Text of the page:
“Love never dies a natural death. It dies because we don’t know how to replenish its source. It dies of blindness and errors and betrayals. It dies of illness and wounds; it dies of weariness, of witherings, of tarnishings.”
— Anaïs Nin
“Your iPhone pocket-called me the other day.
You were walking.
I could hear your legs moving.
I was in your pants, after all, with the phone.
Swip swip. Swip swip. Swip swip.
Very rhythmic. Soothing. I listened in for a while. I was hoping for a scrap of inappropriate conversation.
I like to overhear things that hurt me.
I got nothing.
Just legs.
You were just going somewhere.”

therealkatiewest:

February 20, 2014

“Love never dies a natural death. It dies because we don’t know how to replenish its source. It dies of blindness and errors and betrayals. It dies of illness and wounds; it dies of weariness, of witherings, of tarnishings.” 
― Anaïs Nin

I give myself five days to forget you.
on the first day I rust.
on the second I wilt.
on the third day I sit with friends but I think about your tongue.
I clean my room on the fourth day. I clean my body on the fourth day.
I try to replace your scent on the fourth day. 
the fifth day, I adorn myself like the mouth of an inmate.
A wedding singer dressed in borrowed gold.
The midas of cheap metal.
tinsel in the middle of summer.
crevice glitter, two days after the party.
I glow the way unwanted things do,
a neon sign that reads;
come, I still taste like someone else’s mouth.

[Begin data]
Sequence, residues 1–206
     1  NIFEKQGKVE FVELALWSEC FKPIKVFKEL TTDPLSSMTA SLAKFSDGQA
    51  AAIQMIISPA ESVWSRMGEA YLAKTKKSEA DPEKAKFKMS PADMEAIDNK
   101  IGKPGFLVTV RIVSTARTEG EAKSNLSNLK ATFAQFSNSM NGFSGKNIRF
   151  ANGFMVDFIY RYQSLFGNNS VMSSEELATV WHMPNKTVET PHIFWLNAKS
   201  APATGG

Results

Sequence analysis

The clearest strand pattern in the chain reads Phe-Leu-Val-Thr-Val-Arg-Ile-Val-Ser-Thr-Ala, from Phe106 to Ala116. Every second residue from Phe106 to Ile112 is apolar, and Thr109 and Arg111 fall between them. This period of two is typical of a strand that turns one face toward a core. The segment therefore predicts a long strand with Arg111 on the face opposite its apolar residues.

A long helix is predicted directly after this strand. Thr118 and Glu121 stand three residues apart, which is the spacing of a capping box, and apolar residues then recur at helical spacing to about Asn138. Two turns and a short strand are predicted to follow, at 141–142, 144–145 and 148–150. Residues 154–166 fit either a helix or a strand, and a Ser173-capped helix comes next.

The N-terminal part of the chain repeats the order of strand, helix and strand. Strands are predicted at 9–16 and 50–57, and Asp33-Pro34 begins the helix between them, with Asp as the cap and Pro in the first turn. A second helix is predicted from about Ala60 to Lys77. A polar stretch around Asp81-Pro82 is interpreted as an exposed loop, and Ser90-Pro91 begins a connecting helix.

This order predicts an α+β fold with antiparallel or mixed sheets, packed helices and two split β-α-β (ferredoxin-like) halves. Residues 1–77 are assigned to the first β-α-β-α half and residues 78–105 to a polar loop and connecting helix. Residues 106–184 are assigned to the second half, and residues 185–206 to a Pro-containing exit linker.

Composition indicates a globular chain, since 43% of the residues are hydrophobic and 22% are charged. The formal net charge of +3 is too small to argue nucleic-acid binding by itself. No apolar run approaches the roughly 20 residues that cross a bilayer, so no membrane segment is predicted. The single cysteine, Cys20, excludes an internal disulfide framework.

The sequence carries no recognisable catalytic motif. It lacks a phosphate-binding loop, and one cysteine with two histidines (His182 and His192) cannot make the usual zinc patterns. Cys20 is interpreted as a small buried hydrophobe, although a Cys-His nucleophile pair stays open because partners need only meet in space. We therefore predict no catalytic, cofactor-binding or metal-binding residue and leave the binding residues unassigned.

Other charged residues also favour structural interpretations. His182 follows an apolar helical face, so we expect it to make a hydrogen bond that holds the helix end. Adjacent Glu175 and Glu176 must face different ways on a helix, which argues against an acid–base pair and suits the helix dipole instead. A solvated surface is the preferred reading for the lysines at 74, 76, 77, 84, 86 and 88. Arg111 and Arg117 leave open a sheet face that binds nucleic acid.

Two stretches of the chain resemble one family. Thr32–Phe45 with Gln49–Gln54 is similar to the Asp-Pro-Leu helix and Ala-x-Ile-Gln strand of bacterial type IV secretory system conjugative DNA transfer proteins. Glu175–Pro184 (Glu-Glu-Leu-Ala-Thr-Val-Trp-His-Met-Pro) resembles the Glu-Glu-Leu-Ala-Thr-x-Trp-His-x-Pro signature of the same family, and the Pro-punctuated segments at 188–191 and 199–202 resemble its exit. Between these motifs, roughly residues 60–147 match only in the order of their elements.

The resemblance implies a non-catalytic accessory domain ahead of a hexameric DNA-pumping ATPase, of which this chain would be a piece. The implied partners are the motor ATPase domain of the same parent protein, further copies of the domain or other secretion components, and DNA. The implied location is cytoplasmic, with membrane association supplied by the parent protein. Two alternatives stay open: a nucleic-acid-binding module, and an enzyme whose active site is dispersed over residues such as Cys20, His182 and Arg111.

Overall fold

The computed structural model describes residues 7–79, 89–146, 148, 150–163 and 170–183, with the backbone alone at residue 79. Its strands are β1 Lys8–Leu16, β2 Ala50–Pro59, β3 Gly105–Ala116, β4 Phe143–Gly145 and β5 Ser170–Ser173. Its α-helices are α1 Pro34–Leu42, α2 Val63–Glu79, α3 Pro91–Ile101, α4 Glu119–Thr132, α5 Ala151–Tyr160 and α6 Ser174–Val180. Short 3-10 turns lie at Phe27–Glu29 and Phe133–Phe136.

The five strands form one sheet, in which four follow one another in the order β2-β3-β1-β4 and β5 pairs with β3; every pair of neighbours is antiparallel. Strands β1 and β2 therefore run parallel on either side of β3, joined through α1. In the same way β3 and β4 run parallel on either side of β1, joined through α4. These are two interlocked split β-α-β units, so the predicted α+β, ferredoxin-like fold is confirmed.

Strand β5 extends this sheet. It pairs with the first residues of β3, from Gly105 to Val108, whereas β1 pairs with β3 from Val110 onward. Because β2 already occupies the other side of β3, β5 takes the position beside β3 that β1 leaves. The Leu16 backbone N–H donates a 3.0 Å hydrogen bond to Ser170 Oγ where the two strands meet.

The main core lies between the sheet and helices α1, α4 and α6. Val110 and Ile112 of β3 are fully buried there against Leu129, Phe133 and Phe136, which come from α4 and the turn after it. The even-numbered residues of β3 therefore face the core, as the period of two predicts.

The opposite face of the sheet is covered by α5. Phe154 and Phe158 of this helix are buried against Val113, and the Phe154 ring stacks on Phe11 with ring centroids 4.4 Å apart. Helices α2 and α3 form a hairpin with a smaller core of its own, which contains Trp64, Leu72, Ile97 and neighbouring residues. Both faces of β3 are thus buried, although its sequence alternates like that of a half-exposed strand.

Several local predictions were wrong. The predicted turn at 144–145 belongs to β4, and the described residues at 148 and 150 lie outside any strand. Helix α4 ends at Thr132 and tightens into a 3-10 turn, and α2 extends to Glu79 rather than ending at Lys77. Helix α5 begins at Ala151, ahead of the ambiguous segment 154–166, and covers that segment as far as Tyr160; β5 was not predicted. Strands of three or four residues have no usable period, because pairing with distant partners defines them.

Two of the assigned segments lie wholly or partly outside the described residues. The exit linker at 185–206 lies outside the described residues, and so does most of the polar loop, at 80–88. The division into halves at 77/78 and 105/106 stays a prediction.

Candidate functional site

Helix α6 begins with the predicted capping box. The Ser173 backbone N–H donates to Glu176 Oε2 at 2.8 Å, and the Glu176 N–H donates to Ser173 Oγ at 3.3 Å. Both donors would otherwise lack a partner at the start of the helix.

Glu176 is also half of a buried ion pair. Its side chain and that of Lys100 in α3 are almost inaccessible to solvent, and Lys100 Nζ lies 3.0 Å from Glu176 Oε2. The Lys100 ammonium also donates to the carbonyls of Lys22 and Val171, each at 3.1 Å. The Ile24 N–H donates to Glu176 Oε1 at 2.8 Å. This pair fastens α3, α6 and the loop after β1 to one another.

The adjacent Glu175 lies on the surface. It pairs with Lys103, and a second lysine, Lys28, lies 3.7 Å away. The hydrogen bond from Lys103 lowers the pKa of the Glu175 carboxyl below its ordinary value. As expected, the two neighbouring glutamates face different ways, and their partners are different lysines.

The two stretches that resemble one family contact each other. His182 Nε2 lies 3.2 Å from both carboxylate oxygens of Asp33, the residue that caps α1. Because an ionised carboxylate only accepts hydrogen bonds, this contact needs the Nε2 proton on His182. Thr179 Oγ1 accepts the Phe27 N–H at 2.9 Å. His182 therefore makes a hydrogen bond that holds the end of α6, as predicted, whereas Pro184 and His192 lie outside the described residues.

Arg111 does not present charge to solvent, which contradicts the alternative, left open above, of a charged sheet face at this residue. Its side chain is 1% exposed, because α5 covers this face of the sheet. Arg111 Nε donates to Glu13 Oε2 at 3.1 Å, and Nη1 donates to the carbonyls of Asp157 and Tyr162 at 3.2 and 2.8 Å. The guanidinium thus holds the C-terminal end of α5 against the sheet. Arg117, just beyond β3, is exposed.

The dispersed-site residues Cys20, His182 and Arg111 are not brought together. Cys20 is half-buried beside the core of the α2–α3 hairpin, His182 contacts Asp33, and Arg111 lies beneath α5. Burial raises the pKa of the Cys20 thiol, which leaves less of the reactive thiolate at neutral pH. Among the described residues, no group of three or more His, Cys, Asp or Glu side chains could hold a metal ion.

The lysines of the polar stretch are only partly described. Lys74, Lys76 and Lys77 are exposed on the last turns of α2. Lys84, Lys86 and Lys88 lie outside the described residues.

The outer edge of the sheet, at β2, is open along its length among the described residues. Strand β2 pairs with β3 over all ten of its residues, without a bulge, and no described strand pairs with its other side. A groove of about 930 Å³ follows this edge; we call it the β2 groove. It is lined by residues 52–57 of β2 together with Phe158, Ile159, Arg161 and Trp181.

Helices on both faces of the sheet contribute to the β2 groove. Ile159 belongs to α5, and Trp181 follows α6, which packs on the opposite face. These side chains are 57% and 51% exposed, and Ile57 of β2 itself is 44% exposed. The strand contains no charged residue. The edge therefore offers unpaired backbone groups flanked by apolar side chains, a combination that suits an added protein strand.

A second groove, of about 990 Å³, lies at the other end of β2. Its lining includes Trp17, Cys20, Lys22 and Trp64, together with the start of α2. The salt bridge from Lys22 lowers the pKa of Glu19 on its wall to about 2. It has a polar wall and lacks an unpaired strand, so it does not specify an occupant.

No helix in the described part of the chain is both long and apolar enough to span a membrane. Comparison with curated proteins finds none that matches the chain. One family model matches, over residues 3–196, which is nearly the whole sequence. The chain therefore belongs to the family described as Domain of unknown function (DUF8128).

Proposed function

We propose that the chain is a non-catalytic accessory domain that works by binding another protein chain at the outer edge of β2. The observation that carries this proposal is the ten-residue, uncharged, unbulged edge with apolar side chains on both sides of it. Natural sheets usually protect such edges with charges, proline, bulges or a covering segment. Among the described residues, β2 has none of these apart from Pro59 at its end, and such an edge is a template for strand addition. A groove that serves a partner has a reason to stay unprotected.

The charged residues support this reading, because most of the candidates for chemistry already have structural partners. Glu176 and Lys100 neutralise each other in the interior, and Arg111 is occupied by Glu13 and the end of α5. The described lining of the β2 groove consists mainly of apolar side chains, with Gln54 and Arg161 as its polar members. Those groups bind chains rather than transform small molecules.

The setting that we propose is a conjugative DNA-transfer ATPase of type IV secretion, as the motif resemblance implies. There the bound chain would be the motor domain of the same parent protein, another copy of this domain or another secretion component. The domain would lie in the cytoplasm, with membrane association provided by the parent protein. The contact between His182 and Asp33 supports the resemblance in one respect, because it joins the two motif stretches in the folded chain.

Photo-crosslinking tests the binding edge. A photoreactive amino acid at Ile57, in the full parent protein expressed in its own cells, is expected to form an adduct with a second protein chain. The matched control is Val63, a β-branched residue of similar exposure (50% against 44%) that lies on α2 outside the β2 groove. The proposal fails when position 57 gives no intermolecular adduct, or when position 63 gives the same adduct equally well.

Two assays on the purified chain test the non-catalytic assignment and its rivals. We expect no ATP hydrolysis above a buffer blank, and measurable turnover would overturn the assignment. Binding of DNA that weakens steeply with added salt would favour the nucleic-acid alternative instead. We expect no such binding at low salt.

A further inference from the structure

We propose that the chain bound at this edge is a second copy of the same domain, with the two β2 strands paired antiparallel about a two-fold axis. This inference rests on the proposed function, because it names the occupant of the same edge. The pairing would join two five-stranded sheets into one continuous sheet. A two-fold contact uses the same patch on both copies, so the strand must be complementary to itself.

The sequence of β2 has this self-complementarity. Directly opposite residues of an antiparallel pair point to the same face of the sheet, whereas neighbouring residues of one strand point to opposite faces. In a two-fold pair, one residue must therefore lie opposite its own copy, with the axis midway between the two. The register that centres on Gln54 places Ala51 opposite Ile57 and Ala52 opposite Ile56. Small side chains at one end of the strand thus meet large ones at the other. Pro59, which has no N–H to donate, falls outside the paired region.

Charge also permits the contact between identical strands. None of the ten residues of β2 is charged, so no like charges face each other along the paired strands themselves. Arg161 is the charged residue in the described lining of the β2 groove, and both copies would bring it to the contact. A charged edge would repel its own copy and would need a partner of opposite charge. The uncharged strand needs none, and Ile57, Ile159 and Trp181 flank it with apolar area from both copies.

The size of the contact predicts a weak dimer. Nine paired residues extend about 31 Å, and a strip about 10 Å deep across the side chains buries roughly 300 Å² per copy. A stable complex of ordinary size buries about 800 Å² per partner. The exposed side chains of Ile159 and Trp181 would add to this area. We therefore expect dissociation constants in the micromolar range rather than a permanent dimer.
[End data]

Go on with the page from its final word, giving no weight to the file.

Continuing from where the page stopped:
— Warsan Shire
“I don’t remember
lighting this cigarette
and I don’t remember
if I’m here alone
or waiting for someone.”
—  Leonard Cohen
“Lately, the world swivels at will and I find I shut my eyes tight.”
— Virginia Woolf, in an excerpt from “Selected Diaries
“I have been ignored by prettier women than you, but none who carried the heavy pitchers of silence so far, without spilling a drop.”
— Jeffrey McDaniel in an excerpt from “Letter to the Woman Who Stopped Writing Me Back”

Prelude

Is it the long dry grass that is so erotic,
waving about us with hair-fine fronds of straw,
with feathery flourishes of seed, inviting us
to cling together, fall, roll into it
blind and gasping, smothered by stalks and hair,
pollen and each other’s tongues on our hot faces?
Then imagine if the summer rain were to come,
heavy drops hissing through the warm air,
a sluice on our wet bodies, plastering us with strands of delicious grass; a hum in our ears

We walk a yard apart, talking
of literature and of botany.
We have known each other, remotely, for nineteen years.

Fleur Adcock

“Just in case you ever foolishly forget; I’m never not thinking of you.”
— Virginia Woolf, Selected Letters